Phone System Redundancy at the Service Desk

Telephone off the hook

Despite the availability of multimedia channels such as email, text, chat, and web forms, when it comes to contacting the service desk, a vast majority of end users still prefer to pick up the phone and speak to a live agent. For that reason, keeping phone lines active and on redundant, high availability telecom systems is essential. These days, technology allows for any service desk agent to log into the telecommunications system from any location with high-speed Internet access. This enables personnel to receive VoIP calls from their home offices which is especially important in the event, for example, of a severe weather disturbance.

From an infrastructure standpoint, the best way to ensure high-availability typically starts with establishing a level of redundancy at all mission critical points either with automatic failover or preconfigured hardware with manual failover. Key elements of a DR response at the service desk often start with the following:

  • ISP redundancy through multiple carriers
  • A mobile force properly trained to work from secure home offices in the event of site failure at the call center
  • Automated scripts to streamline and expedite the recovery process
  • Automatic failover redundancy at the firewall/VPN layers
  • Alternate power source (UPS, etc.)
  • Disaster procedures defined and documented with specific roles and responsibilities to key players

VoIP telecommunications and data interaction occur via private line or web access to the data center. All service desk agents have the capability to answer calls from remote locations, using web browsers to communicate. Personnel supporting clients from the call center communicate via redundant, bonded T1 service supplied by multiple carriers. Long distance calls via 800 numbers are typically dedicated to service desk clients and managed by a telecom provider who can redirect the failed 800 number’s inbound contacts to the call center’s internal PBX.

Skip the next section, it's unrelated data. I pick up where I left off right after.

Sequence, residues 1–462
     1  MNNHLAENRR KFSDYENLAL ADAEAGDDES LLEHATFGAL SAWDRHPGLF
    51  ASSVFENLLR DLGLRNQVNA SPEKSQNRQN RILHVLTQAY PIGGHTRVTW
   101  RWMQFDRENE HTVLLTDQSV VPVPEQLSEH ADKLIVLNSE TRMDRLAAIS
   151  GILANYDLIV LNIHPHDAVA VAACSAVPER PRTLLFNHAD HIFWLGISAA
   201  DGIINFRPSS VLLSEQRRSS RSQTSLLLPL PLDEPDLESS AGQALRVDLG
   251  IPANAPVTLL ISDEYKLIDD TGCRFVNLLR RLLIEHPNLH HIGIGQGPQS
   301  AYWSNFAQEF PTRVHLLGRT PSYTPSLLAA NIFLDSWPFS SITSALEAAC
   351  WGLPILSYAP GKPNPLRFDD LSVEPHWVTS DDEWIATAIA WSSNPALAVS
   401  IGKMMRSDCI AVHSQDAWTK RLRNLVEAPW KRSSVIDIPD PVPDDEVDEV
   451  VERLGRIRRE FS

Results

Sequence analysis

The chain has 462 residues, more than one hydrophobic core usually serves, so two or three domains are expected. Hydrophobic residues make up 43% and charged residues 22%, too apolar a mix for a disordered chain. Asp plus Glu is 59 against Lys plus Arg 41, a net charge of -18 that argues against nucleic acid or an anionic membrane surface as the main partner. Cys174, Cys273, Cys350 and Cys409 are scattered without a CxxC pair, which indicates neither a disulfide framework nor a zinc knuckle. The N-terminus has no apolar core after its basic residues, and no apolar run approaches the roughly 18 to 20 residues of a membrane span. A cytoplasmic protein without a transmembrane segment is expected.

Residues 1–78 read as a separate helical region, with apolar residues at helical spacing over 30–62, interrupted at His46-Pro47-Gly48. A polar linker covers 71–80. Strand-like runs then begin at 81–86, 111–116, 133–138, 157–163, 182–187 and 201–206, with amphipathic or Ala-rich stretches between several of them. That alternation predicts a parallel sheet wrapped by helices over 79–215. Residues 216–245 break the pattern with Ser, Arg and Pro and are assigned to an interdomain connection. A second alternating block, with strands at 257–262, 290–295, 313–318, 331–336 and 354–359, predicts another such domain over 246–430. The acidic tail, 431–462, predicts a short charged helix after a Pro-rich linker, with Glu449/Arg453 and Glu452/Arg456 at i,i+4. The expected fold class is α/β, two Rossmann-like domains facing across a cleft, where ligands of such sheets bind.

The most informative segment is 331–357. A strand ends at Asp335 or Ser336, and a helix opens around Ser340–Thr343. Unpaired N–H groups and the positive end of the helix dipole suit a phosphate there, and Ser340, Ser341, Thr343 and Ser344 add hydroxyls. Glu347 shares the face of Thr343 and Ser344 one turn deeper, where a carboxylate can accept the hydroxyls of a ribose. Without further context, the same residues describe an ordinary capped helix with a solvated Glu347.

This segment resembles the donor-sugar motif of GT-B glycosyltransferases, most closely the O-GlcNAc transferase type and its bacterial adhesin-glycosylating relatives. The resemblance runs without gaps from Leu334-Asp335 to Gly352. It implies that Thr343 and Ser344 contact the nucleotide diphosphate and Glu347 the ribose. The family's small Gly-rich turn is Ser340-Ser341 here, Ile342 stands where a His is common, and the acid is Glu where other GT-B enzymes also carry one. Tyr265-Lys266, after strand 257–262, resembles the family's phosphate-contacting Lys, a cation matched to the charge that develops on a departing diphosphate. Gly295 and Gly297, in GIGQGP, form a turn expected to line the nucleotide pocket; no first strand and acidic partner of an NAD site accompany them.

Even if service desk clients are using their own phone system, calls are still redirected via a dedicated 800 number to ABS service desk agents identifying themselves as members as an operational wing of the client’s IT team. That way, if the client experiences an internal phone outage or if their phone system is inaccessible due to scheduled maintenance, end users can be instructed to call that dedicated 800 number directly. Since service desk agents verify authorized end users via employee ID, a published number getting into the wrong hands is a non-issue.

Also, in the event of a phone outage, the telecommunications provider has the ability to re-route incoming calls to another PRI line at an alternate location or to a traditional land-line system, a process that can be completed in 30 minutes or less. And of course, wireless phone communication to all engineers and key managers adds an additional layer of redundancy where voice communication is preferred. But in those rare events that telecom redundancy is not an option, end users can be notified of phone outages, both planned and unplanned, and status updates via scrolling alerts at the top of the ITSM platform’s end user portal, assuming those capabilities are available. Email notifications can also be sent to all impacted groups and individuals until phone service is resumed; however significant emphasis should be placed on those alternate forms of communication with the service desk that are still available.

Says ABS’s Director of Operations, Hector Gonzalez, “Since the number one priority at the service desk is to make technology work for our clients, leveraging alternate communication tools such as text, chat, email, and web forms will remain part of that Level 1 support formula. So long as one of these multimedia channels is fully functional, our agents will deliver the resolution even when the phones aren’t ringing.”